|Chapter 4: Transcendental Knowledge|
Bhaktivedanta VedaBase: Bhagavad-gītā As It Is 4.27
sarvāṇi — of all; indriya — the senses; karmāṇi — functions; prāṇa-karmāṇi — functions of the life breath; ca — also; apare — others; ātma-saḿyama — of controlling the mind; yoga — the linking process; agnau — in the fire of; juhvati — offer; jñāna-dīpite — because of the urge for self-realization.
Others, who are interested in achieving self-realization through control of the mind and senses, offer the functions of all the senses, and of the life breath, as oblations into the fire of the controlled mind.
The yoga system conceived by Patañjali is referred to herein. In the Yoga-sūtra of Patañjali, the soul is called pratyag-ātmā and parāg-ātmā. As long as the soul is attached to sense enjoyment it is called parāg-ātmā, but as soon as the same soul becomes detached from such sense enjoyment it is called pratyag-ātmā. The soul is subjected to the functions of ten kinds of air at work within the body, and this is perceived through the breathing system. The Patañjali system of yoga instructs one on how to control the functions of the body's air in a technical manner so that ultimately all the functions of the air within become favorable for purifying the soul of material attachment. According to this yoga system, pratyag-ātmā is the ultimate goal. This pratyag-ātmā is withdrawn from activities in matter. The senses interact with the sense objects, like the ear for hearing, eyes for seeing, nose for smelling, tongue for tasting, hand for touching, and all of them are thus engaged in activities outside the self. They are called the functions of the prāṇa-vāyu. The apāna-vāyu goes downwards, vyāna-vāyu acts to shrink and expand, samāna-vāyu adjusts equilibrium, udāna-vāyu goes upwards — and when one is enlightened, one engages all these in searching for self-realization.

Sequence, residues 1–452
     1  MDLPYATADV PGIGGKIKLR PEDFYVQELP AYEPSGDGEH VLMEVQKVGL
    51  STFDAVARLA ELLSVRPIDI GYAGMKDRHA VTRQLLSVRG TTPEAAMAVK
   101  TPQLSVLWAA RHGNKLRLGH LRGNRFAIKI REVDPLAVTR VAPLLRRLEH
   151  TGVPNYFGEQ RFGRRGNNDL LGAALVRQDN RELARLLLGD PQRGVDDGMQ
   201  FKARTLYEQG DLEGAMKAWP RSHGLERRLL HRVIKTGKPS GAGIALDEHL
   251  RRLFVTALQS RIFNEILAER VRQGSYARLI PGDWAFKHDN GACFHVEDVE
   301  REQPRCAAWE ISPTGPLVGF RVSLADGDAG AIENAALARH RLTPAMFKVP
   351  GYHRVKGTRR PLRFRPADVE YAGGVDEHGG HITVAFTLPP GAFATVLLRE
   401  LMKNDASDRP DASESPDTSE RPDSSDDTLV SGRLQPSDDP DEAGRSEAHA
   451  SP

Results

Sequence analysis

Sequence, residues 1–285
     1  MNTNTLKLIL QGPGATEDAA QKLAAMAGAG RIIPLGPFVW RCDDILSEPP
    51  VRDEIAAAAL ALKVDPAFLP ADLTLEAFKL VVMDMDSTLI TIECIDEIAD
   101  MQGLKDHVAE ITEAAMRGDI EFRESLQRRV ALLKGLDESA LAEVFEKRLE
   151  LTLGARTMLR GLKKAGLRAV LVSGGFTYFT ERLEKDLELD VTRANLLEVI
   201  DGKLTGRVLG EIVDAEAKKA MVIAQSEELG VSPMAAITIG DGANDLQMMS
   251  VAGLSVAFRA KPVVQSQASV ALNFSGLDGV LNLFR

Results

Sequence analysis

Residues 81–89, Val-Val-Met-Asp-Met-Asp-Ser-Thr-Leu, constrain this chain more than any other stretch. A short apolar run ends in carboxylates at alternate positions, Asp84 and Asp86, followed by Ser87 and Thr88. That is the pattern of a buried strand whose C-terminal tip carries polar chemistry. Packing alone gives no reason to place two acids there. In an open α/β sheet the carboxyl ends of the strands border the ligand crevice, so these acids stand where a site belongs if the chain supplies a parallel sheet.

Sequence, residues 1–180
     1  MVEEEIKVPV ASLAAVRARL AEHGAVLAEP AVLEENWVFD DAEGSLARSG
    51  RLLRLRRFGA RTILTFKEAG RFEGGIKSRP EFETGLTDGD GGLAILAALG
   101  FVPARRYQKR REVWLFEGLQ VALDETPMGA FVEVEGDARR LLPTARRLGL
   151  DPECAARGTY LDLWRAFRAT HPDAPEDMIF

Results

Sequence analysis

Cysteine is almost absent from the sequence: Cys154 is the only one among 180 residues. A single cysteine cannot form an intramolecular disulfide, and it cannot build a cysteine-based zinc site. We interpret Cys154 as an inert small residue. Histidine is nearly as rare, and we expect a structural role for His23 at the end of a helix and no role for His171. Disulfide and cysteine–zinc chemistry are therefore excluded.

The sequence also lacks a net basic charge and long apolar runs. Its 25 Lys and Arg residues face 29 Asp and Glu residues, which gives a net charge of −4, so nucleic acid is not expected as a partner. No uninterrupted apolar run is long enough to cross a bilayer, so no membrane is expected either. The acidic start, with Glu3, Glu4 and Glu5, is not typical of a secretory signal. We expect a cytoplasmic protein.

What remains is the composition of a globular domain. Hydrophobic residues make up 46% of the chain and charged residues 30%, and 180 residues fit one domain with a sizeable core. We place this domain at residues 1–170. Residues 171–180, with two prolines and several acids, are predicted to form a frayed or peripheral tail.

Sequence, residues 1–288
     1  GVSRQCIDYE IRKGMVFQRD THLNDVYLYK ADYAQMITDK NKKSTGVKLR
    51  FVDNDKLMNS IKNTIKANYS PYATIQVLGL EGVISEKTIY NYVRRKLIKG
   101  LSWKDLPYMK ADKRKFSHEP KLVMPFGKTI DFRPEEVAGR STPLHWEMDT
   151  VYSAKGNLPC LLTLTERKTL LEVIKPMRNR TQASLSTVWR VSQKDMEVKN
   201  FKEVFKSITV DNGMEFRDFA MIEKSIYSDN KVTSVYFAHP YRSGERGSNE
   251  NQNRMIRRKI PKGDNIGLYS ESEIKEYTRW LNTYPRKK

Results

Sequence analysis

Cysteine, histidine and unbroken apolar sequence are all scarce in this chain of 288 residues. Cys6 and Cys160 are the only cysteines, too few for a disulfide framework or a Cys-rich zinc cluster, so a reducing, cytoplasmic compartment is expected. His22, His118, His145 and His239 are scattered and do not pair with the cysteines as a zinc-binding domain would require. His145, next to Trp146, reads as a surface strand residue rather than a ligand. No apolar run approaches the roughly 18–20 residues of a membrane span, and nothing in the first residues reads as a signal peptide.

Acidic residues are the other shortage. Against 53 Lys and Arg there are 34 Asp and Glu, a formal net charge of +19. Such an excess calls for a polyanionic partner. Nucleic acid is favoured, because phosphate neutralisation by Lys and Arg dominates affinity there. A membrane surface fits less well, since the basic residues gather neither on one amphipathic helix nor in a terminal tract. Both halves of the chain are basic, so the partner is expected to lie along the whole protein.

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His Divine Grace A. C. Bhaktivedanta Swami Prabhupāda, Founder Ācārya of the International Society for Krishna Consciousness